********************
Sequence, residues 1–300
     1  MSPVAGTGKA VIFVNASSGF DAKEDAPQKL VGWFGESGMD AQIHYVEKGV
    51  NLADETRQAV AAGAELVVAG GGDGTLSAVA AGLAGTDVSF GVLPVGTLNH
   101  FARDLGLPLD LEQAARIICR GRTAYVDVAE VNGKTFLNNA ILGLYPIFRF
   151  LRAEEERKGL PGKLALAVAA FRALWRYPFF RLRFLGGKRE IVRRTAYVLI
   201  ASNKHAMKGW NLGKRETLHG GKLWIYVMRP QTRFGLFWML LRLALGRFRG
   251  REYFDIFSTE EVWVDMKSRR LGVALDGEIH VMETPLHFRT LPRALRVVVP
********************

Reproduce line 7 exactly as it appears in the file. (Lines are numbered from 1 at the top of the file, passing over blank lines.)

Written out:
   251  REYFDIFSTE EVWVDMKSRR LGVALDGEIH VMETPLHFRT LPRALRVVVP